Solemn document confirming legal stature of a certain individual, or in other words appointed rais-ul-ulama, and his authority considering the religious-legal affairs along with the appointment of junior clerics is called in the Bosnian tradition, Menshura (charter).

Menshura, thus, is authorization for the practicing of religious rituals and the right for the appointment of personnel to the rais-ul-ulama. Until 1930, Menshuras were issued from Constantinople but since then, on the basis of the constitution of the Islamic Community, Menshura have been issued in Bosnia and Herzegovina.

Constant interference of the Austrian establishment in the religious affairs became the cause of distress among the Bosnian Muslims and as a result the Movement for Religious and Educational Autonomy of Muslims in Bosnia and Herzegovina lead by mufti Fehmi ef. Džabić of Mostar, started. This movement demanded for the Bosnian Muslims the autonomy and independence in terms of their right to manage their religious affairs, the right to govern the waqf property and to continue with Islamic education.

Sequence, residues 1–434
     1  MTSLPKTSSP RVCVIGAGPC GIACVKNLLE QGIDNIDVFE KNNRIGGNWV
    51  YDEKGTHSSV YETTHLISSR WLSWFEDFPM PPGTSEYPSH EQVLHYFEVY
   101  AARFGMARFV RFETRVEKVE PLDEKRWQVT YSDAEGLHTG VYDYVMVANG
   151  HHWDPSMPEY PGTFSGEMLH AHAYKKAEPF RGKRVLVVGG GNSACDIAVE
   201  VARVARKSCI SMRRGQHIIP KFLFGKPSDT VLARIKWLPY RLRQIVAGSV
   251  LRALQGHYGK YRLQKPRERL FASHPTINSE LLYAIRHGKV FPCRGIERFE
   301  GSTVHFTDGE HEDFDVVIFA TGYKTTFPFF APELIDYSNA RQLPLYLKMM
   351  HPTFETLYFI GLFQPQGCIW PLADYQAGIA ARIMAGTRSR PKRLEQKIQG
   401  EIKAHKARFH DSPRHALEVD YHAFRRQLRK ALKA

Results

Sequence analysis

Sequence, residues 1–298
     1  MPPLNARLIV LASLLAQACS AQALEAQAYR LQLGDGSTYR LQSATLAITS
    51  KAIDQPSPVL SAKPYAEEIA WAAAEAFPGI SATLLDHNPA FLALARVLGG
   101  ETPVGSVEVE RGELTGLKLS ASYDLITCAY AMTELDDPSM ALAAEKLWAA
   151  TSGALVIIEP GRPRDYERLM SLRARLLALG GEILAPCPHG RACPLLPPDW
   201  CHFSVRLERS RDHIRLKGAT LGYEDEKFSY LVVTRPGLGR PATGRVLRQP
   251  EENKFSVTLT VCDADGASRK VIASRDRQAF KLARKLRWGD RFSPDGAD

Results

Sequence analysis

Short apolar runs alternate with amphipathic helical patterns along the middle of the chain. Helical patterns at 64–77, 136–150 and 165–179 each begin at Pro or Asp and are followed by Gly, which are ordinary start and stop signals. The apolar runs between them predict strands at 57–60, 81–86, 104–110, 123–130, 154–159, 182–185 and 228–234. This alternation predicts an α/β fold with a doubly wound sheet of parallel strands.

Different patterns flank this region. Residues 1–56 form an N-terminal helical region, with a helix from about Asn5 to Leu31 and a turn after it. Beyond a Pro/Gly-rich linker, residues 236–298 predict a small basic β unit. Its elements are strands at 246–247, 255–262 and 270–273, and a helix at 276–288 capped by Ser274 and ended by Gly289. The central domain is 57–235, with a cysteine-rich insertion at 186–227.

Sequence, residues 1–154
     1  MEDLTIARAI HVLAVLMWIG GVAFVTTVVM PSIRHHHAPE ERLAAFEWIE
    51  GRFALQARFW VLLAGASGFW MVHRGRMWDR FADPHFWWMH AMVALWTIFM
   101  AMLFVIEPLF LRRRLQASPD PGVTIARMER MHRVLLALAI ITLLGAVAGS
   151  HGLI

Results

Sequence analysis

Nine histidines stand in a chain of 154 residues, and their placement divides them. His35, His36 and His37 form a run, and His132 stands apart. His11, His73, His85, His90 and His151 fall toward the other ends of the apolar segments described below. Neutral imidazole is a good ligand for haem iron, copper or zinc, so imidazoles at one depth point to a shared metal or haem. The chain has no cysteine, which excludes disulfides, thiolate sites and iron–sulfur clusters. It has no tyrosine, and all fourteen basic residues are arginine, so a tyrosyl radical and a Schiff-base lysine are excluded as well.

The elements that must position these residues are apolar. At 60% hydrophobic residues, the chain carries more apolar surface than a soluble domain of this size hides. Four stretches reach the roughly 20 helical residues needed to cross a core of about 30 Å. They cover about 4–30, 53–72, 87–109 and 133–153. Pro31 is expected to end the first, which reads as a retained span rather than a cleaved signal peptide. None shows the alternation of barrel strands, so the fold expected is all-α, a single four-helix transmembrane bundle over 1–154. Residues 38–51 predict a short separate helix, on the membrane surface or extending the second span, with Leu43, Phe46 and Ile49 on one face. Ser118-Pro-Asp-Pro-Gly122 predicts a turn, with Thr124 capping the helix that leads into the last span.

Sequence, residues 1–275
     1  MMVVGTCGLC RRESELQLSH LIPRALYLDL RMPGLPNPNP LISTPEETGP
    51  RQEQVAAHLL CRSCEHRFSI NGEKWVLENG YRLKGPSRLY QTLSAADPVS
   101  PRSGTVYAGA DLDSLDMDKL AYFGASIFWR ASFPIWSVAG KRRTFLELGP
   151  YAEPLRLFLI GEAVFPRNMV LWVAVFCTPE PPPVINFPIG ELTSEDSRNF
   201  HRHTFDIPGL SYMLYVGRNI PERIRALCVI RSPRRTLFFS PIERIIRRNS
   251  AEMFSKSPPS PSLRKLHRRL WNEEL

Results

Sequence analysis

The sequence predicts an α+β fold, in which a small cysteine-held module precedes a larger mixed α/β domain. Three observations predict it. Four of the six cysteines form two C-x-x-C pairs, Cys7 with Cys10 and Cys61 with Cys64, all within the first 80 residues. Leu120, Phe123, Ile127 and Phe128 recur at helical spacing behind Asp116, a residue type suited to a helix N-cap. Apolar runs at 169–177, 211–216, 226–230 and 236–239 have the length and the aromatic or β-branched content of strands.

This movement starting in May, 1899, epitomized the first organized struggle for the Muslim's cultural-political rights and their religious and waqf-mearif autonomy, was cancelled after a ten-year struggle on 15th April, 1909, by the Statute for Self-governing Administration of Islamic Religious and Waqf-mearif Activities in Bosnia and Herzegovina.

Through the Statute, most of the demands of the Muslims related to the issues of autonomy in management and organizations of waqf-mearif and other Islamic affairs in Bosnia and Herzegovina were accepted by the Austro-Hungarian government.

Under the Kingdom of Serbs, Croats and Slovenes, though, in the religious, educational and Waqf affairs numerous challenges appeared. The Islamic Community at that time in Yugoslavia became the organization that kept the Muslims, who were facing such challenges and problems as needed to be addressed urgently, religiously united. As a consequence, many reforms and reorganization took place in the primary and the secondary religious schools and maktabs.